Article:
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Long-lasting insecticidal nets in Zambia: a cross-sectional analysis of net integrity and insecticide content

Overview of attention for article published in Malaria Journal, June 2015
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  • In the top 25% of all research outputs scored by Altmetric
  • Good Attention Score compared to outputs of the same age (70th percentile)
  • Above-average Attention Score compared to outputs of the same age and source (60th percentile)

Mentioned by

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5 tweeters

Citations

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15 Dimensions

Readers on

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62 Mendeley
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Title
Long-lasting insecticidal nets in Zambia: a cross-sectional analysis of net integrity and insecticide content
Published in
Malaria Journal, June 2015
DOI 10.1186/s12936-015-0754-8
Pubmed ID
Authors

Allen S. Craig, Mbanga Muleba, Stephen C. Smith, Cecilia Katebe-Sakala, Gershom Chongwe, Busiku Hamainza, Batuke Walusiku, Megan Tremblay, Maureen Oscadal, Robert Wirtz, Kathrine R. Tan

Abstract

Long-lasting insecticidal nets (LLINs) are a mainstay of malaria prevention in Africa. More LLINs are available now than in any time previously due to increases in funding for malaria control. LLINs are expected to last three to five years before they need to be replaced. Reports of nets lasting less than three years are frequent in Zambia, which, if true, will increase the number of LLINs needed to maintain universal coverage. This study collected nets distributed during mass distribution campaigns. One net was collected from each participating home in 12 districts in 2010 and all nets were examined for holes. One household member was surveyed about net use and care. The study collected 713 polyester nets with a median age of 31 months (range 27-44 months, interquartile (IQR) range: 29-36 months), median number of holes was 17 (IQR: 5-33), and median total hole size was 88.3 sq cm (IQR: 14.5-360.4). The median total number of holes did differ by age of the net, from 27-44 months, but not in a linear fashion. The difference in the number of holes in the newest and oldest nets was not statistically significant. The mean deltamethrin level for all nets was 23 mg/sq m (≥8 mg/sq m is considered effective). There was a larger total hole area in the lower half of the nets (repeat measures ANOVA, F = 228.43, df = 2, p < 0.0001) compared to the upper half and roof of the net. Only 8.7 % of nets had evidence of repairs. At 27 - 30 months, LLINs already had a large total hole surface area that was equivalent to the oldest nets observed. Nets were often tucked under reed mats which may explain the finding that the largest hole area was found in the lower half of the net. Studies need to be conducted prospectively to determine when physical deterioration occurs and why nets are discarded. Re-enforcing the lower half of the sides of LLINs may help decrease holes.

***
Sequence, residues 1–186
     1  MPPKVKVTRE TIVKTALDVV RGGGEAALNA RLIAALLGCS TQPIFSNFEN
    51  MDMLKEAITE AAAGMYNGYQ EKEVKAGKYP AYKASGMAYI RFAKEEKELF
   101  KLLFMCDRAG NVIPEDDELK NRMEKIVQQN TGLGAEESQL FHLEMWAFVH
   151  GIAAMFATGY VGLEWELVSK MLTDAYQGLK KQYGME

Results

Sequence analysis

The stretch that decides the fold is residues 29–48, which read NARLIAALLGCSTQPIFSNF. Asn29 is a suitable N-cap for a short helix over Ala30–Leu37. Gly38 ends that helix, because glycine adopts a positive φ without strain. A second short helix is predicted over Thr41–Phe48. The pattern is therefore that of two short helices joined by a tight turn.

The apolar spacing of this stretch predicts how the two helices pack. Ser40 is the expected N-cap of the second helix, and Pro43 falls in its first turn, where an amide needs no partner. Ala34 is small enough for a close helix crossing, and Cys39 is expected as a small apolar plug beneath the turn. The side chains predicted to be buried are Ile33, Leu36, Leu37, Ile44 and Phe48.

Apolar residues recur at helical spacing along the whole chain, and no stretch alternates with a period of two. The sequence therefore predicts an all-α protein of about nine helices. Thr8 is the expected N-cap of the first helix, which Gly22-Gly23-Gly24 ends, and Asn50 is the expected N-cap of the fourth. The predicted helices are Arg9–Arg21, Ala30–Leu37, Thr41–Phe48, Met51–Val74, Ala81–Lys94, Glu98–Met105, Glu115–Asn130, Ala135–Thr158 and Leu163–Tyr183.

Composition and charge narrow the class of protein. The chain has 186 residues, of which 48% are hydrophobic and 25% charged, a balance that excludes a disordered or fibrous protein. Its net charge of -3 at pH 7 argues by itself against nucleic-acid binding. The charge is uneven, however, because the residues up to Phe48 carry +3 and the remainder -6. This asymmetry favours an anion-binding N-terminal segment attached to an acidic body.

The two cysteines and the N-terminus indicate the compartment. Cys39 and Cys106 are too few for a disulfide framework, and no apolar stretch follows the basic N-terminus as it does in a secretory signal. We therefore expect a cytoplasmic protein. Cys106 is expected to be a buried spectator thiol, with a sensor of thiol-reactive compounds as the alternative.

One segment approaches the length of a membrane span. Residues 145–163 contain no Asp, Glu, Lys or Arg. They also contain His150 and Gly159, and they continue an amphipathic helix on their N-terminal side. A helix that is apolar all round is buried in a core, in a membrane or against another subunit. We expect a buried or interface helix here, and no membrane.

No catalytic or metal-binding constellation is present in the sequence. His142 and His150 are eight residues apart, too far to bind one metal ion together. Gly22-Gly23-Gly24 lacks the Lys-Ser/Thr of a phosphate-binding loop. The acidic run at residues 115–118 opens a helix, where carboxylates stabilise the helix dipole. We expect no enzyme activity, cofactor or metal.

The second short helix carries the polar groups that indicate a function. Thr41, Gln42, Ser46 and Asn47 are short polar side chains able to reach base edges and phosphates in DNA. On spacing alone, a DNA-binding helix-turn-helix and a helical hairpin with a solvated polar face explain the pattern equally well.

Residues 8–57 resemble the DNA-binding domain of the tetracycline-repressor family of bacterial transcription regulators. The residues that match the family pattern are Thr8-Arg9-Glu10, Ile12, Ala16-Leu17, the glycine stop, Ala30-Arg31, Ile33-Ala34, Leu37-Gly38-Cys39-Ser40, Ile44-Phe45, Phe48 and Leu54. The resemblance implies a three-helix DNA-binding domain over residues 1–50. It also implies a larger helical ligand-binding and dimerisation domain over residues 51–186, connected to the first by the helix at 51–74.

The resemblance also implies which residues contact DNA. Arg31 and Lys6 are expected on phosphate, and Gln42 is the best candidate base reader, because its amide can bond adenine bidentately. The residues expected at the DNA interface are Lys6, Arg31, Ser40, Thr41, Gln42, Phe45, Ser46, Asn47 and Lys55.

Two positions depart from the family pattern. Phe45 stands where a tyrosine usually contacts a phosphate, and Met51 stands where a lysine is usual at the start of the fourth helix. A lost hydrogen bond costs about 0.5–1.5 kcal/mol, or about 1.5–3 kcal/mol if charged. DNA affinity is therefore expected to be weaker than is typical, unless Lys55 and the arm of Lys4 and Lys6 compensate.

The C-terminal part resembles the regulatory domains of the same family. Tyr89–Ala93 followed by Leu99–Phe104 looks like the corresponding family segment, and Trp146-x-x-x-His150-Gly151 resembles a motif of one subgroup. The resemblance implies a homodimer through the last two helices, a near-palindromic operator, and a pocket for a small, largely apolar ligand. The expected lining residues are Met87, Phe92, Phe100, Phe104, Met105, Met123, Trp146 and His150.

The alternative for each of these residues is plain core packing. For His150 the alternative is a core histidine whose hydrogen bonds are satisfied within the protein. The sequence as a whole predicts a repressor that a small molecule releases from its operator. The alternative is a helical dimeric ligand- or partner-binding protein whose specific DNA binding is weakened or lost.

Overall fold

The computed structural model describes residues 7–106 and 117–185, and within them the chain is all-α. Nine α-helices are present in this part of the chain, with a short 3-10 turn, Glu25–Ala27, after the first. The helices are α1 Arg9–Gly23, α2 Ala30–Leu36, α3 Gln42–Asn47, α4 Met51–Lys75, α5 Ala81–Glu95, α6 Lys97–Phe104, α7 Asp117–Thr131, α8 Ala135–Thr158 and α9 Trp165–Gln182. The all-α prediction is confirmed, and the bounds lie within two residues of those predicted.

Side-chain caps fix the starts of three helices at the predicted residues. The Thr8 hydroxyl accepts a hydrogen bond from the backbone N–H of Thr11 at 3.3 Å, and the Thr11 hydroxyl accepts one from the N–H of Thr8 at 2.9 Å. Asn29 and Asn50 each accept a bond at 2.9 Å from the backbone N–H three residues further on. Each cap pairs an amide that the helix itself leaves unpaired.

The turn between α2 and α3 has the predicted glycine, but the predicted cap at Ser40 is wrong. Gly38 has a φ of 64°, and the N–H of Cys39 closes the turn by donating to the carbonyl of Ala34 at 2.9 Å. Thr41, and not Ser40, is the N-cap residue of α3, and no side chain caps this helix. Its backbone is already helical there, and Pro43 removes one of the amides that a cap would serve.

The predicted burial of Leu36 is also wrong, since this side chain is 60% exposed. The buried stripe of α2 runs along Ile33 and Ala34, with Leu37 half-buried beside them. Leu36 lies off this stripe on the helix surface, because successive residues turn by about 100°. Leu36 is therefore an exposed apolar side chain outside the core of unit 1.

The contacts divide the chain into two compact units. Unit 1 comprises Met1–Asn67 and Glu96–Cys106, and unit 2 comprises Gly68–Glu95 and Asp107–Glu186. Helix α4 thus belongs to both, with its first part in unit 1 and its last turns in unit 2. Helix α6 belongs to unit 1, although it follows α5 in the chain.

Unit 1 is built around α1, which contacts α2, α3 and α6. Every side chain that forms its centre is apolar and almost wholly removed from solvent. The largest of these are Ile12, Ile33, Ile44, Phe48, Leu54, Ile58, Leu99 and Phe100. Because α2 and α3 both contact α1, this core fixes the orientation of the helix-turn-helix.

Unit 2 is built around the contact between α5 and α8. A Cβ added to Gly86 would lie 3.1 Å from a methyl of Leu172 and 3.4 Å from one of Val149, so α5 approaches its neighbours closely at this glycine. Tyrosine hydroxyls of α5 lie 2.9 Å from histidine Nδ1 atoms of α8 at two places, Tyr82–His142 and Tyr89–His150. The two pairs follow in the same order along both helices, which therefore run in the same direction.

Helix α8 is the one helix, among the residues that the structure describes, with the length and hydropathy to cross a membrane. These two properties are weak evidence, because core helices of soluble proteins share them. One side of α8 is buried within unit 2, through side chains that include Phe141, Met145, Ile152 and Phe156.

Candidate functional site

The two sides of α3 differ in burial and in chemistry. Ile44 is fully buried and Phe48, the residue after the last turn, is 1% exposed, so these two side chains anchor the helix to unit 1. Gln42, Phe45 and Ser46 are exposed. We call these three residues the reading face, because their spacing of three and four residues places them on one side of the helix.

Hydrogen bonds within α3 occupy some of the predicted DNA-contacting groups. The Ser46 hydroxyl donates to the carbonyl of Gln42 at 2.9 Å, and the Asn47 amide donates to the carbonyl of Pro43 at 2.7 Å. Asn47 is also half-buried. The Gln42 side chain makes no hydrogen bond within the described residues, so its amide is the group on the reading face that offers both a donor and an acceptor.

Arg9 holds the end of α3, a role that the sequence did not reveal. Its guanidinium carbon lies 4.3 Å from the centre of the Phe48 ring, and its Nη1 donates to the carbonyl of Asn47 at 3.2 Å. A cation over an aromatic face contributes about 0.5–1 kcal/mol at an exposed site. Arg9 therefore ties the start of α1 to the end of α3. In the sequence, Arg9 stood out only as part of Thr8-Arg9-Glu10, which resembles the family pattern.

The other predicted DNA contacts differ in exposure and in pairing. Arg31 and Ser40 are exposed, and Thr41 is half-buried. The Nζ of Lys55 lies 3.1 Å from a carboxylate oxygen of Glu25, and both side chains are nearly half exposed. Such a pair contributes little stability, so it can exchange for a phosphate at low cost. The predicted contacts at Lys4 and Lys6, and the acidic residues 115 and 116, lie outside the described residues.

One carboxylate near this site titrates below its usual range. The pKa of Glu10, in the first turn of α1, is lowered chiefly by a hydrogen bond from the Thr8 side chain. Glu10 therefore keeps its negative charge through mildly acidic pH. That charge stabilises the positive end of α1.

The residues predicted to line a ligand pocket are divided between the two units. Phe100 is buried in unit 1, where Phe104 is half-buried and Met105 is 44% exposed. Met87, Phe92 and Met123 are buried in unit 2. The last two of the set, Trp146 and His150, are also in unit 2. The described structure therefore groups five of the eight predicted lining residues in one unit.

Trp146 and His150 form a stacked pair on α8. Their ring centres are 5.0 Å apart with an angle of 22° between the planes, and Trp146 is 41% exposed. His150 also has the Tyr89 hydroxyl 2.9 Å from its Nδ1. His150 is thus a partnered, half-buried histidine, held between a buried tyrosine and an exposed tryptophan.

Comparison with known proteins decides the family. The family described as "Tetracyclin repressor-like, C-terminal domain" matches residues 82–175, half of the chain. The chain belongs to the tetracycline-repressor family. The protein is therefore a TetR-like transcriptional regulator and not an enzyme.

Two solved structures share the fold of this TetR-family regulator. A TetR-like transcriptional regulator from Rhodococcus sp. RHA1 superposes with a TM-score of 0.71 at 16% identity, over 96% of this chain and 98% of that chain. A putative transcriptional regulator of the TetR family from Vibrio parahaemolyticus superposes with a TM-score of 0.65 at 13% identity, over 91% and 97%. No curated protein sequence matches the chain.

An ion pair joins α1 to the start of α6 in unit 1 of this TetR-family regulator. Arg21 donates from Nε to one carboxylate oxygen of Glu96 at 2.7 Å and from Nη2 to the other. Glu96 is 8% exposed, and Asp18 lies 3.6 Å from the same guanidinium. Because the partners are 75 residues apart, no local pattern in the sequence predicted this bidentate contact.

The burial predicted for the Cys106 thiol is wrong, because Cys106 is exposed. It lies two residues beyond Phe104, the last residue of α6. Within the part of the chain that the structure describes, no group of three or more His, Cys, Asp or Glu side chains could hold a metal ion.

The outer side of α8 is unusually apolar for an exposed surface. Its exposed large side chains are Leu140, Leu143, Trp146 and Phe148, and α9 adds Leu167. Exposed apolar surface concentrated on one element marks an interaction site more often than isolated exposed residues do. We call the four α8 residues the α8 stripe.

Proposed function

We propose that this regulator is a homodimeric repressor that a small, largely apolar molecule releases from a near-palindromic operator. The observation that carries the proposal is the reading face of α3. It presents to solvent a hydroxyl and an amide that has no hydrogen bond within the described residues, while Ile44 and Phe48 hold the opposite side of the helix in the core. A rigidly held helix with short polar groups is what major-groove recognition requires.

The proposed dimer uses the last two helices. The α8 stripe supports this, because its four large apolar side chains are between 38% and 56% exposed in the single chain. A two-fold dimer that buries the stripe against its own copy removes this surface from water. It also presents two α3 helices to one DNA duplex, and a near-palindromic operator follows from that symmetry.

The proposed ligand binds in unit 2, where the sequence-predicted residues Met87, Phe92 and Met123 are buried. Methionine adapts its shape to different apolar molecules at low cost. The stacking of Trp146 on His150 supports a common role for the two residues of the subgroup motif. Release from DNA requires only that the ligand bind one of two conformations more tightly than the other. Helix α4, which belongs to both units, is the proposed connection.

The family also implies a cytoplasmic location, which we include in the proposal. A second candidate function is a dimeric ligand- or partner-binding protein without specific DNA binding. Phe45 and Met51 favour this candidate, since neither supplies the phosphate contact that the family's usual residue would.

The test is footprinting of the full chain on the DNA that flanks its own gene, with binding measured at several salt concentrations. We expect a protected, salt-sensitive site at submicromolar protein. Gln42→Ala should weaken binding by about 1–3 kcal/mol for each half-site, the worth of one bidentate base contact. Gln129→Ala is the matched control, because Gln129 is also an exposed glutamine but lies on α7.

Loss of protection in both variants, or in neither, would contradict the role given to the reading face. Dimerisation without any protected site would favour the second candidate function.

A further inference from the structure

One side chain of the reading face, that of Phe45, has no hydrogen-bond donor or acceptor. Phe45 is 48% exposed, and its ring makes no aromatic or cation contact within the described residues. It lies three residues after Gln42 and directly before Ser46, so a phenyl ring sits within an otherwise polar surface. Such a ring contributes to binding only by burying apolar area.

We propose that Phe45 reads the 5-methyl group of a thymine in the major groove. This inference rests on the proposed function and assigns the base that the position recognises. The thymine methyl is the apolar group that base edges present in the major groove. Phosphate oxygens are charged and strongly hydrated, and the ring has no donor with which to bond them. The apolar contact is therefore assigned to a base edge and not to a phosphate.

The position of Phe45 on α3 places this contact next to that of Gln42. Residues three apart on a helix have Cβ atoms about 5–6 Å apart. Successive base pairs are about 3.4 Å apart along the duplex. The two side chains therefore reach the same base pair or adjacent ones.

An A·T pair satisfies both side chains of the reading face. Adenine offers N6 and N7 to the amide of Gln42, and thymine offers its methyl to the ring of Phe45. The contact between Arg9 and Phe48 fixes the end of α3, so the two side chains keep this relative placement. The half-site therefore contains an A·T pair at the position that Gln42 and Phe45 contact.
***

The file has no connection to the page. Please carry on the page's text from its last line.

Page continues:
Twitter Demographics

The data shown below were collected from the profiles of 5 tweeters who shared this research output. Click here to find out more about how the information was compiled.

Mendeley readers

The data shown below were compiled from readership statistics for 62 Mendeley readers of this research output. Click here to see the associated Mendeley record.

Geographical breakdown

Country Count As %
United Kingdom 1 2%
Sudan 1 2%
Unknown 60 97%

Demographic breakdown

Readers by professional status Count As %
Student > Master 14 23%
Researcher 12 19%
Student > Ph. D. Student 9 15%
Student > Bachelor 8 13%
Other 4 6%
Other 8 13%
Unknown 7 11%
Readers by discipline Count As %
Medicine and Dentistry 15 24%
Agricultural and Biological Sciences 10 16%
Nursing and Health Professions 7 11%
Social Sciences 6 10%
Biochemistry, Genetics and Molecular Biology 2 3%
Other 11 18%
Unknown 11 18%

Attention Score in Context

This research output has an Altmetric Attention Score of 4. This is our high-level measure of the quality and quantity of online attention that it has received. This Attention Score, as well as the ranking and number of research outputs shown below, was calculated when the research output was last mentioned on 15 June 2015.
All research outputs
#1,566,807
of 6,890,269 outputs
Outputs from Malaria Journal
#714
of 2,330 outputs
Outputs of similar age
#62,215
of 215,258 outputs
Outputs of similar age from Malaria Journal
#39
of 104 outputs
Altmetric has tracked 6,890,269 research outputs across all sources so far. Compared to these this one has done well and is in the 77th percentile: it's in the top 25% of all research outputs ever tracked by Altmetric.
So far Altmetric has tracked 2,330 research outputs from this source. They receive a mean Attention Score of 4.7. This one has gotten more attention than average, scoring higher than 68% of its peers.
Older research outputs will score higher simply because they've had more time to accumulate mentions. To account for age we can compare this Altmetric Attention Score to the 215,258 tracked outputs that were published within six weeks on either side of this one in any source. This one has gotten more attention than average, scoring higher than 70% of its contemporaries.
We're also able to compare this research output to 104 others from the same source and published within six weeks on either side of this one. This one has gotten more attention than average, scoring higher than 60% of its contemporaries.